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Jon Rahm on Phil Mickelson’s latest swipe at the PGA Tour: ‘I truly don’t know why he said that’

October 18, 2022

Ross Kinnaird

RIDGELAND, S.C. — Jon Rahm and Phil Mickelson are friends, despite Rahm remaining on the PGA Tour and six-time major winner Mickelson joining LIV Golf. They have been tight since first meeting when Rahm was playing college golf at Lefty's old stomping ground, Arizona State. Mickelson's brother Tim was ASU head coach at the time.

Rahm has been outspoken in his defense of Mickelson. In April, after Mickelson made inflammatory comments about Saudi Arabia financiers of LIV and also the PGA Tour, Rahm said Mickelson's legacy “shouldn't change because of a couple of comments.”

But on Tuesday, Rahm took umbrage with Mickelson and criticism he threw at the PGA Tour last week ahead of the LIV Invitational series event in Saudi Arabia. Mickelson said that the amount of top players defecting to LIV indicated LIV was “trending upwards [while] I see the PGA Tour trending downwards and I love the side that I'm on.” LIV's biggest signings to date have included World No. 3 Cameron Smith, Brooks Koepka, Dustin Johnson, Bryson DeChambeau and Joaquin Niemann.

Rahm, never one to mince his words, wasn't having any of Mickelson’s remarks.

“I love Phil, but I don’t know what he’s talking about,” Rahm said Tuesday at Congaree Golf Club, site of this week's CJ Cup. “Changes don’t necessarily mean trending downward. There are some changes being made, but it doesn't necessarily mean it's going down, right? I truly don't know why he said that.”

The changes Rahm was referring to were three significant moves the PGA Tour made to combat the growing threat of LIV. The biggest development, which was driven by Rory McIlroy and Tiger Woods, will see the tour move to a new schedule in 2023 featuring 12 elevated events with $15 million to $20 million purses, in addition to the four majors and the Players Championship.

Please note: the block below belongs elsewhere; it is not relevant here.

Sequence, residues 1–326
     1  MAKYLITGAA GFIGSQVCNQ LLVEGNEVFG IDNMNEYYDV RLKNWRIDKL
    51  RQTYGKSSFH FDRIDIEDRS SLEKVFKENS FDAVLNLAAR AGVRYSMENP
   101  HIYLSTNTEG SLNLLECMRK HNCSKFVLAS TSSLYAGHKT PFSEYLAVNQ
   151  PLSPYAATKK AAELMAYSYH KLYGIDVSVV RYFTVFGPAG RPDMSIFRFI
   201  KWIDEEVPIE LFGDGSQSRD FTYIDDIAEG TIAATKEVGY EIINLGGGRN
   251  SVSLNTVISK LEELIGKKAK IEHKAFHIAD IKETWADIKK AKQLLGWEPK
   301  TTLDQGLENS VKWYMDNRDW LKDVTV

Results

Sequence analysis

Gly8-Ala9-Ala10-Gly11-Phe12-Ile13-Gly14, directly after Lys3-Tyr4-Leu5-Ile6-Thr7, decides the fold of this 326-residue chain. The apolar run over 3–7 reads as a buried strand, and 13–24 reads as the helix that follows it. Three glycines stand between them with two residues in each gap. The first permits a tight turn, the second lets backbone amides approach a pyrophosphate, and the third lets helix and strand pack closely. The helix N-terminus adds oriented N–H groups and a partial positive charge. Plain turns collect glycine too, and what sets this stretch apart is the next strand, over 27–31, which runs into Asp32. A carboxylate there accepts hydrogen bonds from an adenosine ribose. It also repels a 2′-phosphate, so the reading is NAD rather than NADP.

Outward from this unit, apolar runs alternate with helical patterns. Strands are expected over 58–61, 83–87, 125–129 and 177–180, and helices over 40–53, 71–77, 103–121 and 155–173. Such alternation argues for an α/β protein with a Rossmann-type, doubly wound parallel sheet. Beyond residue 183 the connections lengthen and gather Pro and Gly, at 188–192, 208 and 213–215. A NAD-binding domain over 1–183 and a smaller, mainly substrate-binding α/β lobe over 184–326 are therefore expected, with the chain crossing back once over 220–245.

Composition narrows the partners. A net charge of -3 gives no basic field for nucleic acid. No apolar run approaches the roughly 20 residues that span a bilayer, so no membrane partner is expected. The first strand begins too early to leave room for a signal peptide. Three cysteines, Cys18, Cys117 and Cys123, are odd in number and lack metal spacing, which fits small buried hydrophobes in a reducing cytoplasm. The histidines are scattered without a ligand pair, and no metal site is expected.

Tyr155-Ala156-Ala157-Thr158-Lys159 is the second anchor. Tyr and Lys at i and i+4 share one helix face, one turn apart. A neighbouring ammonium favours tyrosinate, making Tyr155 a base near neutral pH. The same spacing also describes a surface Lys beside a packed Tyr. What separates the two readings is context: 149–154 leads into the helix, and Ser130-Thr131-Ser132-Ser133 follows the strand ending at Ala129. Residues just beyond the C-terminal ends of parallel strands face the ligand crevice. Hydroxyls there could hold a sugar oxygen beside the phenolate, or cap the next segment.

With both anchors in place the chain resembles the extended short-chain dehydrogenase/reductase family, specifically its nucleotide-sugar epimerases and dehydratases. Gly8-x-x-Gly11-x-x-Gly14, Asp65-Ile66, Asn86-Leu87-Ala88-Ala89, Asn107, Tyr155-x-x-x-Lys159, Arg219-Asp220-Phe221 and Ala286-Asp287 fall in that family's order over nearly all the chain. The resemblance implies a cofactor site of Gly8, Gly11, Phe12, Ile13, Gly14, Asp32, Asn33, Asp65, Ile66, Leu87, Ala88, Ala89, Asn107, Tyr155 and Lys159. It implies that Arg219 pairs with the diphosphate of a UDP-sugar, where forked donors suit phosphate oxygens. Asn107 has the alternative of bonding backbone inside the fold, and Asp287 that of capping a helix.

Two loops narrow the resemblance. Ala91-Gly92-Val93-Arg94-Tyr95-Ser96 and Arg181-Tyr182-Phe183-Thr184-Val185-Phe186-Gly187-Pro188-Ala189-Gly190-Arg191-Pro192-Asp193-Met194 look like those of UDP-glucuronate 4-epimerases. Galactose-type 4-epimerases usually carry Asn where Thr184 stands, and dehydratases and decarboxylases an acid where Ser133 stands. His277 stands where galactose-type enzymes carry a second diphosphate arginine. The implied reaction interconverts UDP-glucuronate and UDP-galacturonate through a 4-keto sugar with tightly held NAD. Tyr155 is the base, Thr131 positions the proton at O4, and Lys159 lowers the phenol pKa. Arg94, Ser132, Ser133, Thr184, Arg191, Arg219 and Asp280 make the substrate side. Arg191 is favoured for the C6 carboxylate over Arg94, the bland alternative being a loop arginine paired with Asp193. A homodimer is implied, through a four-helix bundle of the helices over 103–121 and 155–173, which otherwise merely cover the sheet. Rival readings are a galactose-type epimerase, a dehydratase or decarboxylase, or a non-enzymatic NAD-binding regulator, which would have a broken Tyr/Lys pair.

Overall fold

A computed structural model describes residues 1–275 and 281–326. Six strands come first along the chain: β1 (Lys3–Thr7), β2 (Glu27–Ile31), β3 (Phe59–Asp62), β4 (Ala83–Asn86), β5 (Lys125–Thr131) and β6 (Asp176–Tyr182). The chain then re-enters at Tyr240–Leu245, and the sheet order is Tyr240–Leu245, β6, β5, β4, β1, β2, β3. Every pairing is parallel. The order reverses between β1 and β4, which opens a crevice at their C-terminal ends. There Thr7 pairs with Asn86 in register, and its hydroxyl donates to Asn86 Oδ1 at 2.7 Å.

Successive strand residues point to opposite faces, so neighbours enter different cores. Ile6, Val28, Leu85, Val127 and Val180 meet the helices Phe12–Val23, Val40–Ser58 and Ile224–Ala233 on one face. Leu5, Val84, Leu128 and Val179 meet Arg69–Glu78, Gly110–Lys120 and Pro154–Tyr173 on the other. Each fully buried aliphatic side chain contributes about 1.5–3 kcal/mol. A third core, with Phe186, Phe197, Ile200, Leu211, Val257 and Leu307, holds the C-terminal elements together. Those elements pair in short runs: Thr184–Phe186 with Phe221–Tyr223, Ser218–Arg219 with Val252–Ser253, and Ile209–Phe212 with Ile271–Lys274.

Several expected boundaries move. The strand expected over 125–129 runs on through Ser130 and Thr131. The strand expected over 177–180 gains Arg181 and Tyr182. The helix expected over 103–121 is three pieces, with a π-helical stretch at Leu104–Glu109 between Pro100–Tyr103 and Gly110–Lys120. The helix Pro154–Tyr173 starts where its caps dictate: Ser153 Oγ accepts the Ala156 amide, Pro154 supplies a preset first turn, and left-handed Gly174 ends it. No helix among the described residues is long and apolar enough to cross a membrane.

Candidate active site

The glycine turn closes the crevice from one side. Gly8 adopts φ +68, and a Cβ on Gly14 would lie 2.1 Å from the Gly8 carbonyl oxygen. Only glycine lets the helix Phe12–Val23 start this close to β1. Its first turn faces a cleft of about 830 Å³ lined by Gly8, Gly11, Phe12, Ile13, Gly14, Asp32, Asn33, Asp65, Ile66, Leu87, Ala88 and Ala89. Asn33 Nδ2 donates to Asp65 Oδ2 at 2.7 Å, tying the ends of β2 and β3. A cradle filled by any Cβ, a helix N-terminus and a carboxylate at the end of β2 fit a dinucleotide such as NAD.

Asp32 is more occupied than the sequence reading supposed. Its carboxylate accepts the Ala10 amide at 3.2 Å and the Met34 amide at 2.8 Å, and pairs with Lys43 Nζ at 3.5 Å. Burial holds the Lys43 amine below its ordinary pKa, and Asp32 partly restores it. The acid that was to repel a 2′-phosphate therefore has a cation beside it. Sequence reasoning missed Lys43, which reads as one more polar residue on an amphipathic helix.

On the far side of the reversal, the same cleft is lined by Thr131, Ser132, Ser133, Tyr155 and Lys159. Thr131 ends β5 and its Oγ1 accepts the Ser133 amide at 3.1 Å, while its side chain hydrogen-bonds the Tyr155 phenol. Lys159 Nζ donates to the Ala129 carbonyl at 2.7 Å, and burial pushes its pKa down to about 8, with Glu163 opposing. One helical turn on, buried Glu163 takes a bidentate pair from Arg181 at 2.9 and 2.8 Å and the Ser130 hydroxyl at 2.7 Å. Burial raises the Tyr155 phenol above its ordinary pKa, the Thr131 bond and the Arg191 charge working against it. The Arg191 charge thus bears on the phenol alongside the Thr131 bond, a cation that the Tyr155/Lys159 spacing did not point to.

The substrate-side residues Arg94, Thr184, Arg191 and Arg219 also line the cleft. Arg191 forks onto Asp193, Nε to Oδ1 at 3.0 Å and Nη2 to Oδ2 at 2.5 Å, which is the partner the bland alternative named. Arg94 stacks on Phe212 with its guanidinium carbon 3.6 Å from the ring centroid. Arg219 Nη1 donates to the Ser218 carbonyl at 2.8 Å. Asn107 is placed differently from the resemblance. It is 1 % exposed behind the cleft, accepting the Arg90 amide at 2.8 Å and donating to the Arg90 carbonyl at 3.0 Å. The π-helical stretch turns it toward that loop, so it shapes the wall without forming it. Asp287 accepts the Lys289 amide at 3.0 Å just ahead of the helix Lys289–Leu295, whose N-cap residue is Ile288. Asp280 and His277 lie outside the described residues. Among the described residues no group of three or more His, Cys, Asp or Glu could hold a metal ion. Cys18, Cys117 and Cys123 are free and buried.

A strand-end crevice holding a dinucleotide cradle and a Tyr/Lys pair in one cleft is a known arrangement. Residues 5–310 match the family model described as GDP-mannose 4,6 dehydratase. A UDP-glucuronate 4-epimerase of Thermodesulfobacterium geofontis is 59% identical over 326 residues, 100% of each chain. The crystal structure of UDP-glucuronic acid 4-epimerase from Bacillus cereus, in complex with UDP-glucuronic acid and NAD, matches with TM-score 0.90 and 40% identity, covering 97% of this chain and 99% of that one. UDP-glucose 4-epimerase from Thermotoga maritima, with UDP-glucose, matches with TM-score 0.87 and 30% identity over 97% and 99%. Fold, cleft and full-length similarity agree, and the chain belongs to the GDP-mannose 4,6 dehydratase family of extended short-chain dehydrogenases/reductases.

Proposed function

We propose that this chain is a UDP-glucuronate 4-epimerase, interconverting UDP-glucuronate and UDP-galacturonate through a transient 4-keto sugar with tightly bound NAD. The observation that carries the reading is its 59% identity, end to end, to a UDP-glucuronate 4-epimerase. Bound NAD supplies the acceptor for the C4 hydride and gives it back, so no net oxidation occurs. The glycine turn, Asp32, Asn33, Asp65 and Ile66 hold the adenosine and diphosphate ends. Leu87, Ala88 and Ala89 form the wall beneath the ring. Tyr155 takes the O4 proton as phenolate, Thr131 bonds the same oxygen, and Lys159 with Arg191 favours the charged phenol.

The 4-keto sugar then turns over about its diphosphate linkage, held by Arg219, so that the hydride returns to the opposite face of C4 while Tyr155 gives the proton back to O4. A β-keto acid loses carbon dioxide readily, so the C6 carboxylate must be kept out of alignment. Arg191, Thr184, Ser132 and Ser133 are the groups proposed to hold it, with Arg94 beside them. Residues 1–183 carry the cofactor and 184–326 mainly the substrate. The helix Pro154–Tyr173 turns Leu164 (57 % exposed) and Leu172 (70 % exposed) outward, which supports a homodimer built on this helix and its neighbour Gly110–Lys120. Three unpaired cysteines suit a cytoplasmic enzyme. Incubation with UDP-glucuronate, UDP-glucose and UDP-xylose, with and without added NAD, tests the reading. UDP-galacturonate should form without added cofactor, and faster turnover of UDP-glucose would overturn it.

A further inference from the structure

The top 20 players, as determined by the Player Impact Program (PIP), will commit to those 17 tournaments as well as play in three additional PGA Tour events of their choosing. The PIP will also grow from $40 million to $100 million, while an Earnings Assurance Program will guarantee all exempt PGA Tour players who play at least 15 events will be paid a minimum of $500,000 for the season regardless of whether they earn that much in tournament prize money.

Mickelson, though, hinted no tour could compete with the billions behind the Saudi Public Investment Fund (PIF), which funds LIV Golf. LIV will hold a $50 million team championship at Trump Doral next week to cap its inaugural season.

“The game of golf is very lucky to have the PIF invest in the game,” Mickelson said. “The sport of the game of golf is being influxed with billions of dollars now. And the ability to go global and make golf a truly global sport is really beneficial for the game."

Despite LIV's sovereign wealth fund, the PGA Tour's core group of stars is cemented for the foreseeable future, evident in the elite field at the CJ Cup. The 78-man event, which has a $10.5 million purse and no cut, boasts names like McIlroy, Rahm, U.S. Open champ Matt Fitzpatrick, Jordan Spieth and Tom Kim to name only a handful of stars.